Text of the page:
A Song For Counting the OMER - Ana B'koach 

Counting the Omer
Nissan 25 5774

Ever counted the Omer? It's a very special Kabbalistic practice that starts
on the second night of Pesach and culminates in Shavuot. They say that the
Israelites had sunk to the 49th level of impurity in Egypt and had they sunk 
one more level, we'd have been stuck there and you wouldn't be reading 
this email.

Counting the Omer is a way to come back up to our higher selves through a process of counting the days until Shavuot ( the holiday of the revelation of the Torah).

Each day we focus on one particular combination of attributes from the Sefirotic Tree. 

For Example, Today is Tieret ShebeGevurah. (Balnce or Beauty in Discipline (or boundaries). On this day, we see where we have fallen short in this particular area and how we can manifest these qualities in a higher way this year ( and specifically on this day).

Here's a link to get a lot more information on this holy tradition , get the prayers, stories, and more historical information

See below for a song that is sung each night during the counting of the Omer.

A Song for the Counting of the Omer 

The poem/prayer/song Ana B K'oach

was written By Rabbi Nechuniah Ben Hakanah

about 2000 years ago.

On my Kabbalat Shabbat CD I set it to 
an African Groove with some Acoustic
Slide Guitar.

Here's a long and somewhat esoteric explanation of the prayer

the good news, is that you don't have to fully understand it

to get the benefit.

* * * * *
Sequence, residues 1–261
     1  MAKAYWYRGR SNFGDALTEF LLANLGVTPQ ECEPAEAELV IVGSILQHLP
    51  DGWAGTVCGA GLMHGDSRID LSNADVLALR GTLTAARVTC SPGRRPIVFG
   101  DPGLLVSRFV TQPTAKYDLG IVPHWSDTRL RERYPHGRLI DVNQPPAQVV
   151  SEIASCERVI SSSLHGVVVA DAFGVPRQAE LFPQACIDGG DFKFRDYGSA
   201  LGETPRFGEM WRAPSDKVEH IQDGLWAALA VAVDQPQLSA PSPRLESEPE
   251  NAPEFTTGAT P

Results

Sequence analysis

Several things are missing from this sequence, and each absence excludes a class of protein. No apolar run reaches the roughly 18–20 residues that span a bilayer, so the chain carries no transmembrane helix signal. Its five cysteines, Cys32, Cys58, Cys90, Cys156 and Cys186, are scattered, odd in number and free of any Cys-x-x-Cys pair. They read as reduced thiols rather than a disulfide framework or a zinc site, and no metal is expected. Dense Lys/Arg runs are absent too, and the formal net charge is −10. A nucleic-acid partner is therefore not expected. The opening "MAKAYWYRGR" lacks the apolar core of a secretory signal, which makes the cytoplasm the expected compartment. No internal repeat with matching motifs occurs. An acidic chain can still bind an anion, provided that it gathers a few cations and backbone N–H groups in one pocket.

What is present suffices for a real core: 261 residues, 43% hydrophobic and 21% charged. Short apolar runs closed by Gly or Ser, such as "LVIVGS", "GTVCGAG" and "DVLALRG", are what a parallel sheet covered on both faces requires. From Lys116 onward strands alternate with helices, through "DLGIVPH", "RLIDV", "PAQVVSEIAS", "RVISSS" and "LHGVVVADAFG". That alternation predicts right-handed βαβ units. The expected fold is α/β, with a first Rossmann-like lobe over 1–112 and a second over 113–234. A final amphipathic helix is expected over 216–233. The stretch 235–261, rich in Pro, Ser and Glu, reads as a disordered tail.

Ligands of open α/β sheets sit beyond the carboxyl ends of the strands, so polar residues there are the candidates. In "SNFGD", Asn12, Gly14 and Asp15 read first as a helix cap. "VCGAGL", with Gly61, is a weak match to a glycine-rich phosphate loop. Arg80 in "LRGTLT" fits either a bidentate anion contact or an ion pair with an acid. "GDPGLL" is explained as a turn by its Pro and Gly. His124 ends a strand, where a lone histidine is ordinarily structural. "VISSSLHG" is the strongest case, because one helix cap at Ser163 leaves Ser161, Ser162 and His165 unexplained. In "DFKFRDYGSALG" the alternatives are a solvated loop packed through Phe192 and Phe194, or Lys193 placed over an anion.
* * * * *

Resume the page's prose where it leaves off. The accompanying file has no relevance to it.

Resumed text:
The prayer Ana B'Koach was written by Rabbi Nechunia ben Hakanah and has profound mystical significance.  Rabbi Nechunia ben Hakanah was a tanna who lived about 2000 years ago, and was the greatest known esoteric master of his generation.  The prayer Ana B'Koach contains 42 words, the 1st letters of which form the mystical 42 letter Name of G-D.  The Holy Divine Name of 42 letters is discussed extensively in the Kabbalah, and is described in great detail in the Zohar and the writings of the Ari z?l.  These 42 letters are associated with 42 stages in the process of our spiritual development.  These stages are the secret of the 42 places mentioned in the Torah where the nation of Israel camps during the 40 years in the Sinai Desert before entering the Land of Israel.  There are 42 lines in each column of the Torah scroll paralleling this process.  The prayer is divided into 7 verses of 6 words each.  The 1st letters of the 6 words in each verse also form Divine Names.  These 7 names together with the 42 letters are a total of 49.  49 has many mystical associations in the Kabbalah.  49 corresponds to the 7 lower emanations of the Tree of Life, each containing all 7.  We have 49 years between each Jubalee Year representing a new era of freedom, 49 days in the counting of the omer, and 49 hebrew letters in the holiest of prayers- SHEMA YISRAEL HASHEM ELOKEYNU HASHEM ECHAD / BARUCH SHEM KAVOD MALCHUTO LEOLAM VAED.  These stages are associated with the spiritual work given to creation to work towards reaching the place of pure giving and unconditional love.  This work brings us to the 50th gate of BINA (state of pure love), which brings the revelation of G-D?s bestowal of infinite goodness to all creation.  Each verse of Ana B'Koach contains 6 letters of the 42 letter name, which are Kabbalisticly divided into 3 groups of 2.  These Holy Names correspond to the 2 wings with which particular angels cover their faces, 2 wings with which the angels cover their legs, and 2 wings with which the angels fly.  The wings are associated with LOVE and AWE.  The prayer is painted in a circle corresponding to the teaching in the Kabbalah that the circle dance is the holiest of dances.  When dancing around in a circle, each person takes the place of every other person- the realization that we are all one soul.  The 42 letter name is used extensively in Kabbalistic meditations and spiritual unifications.  The prayer Ana B'Koach is included in the daily order of prayers and is found in the Siddur (prayer book).  One possible translation of the prayer is as follows: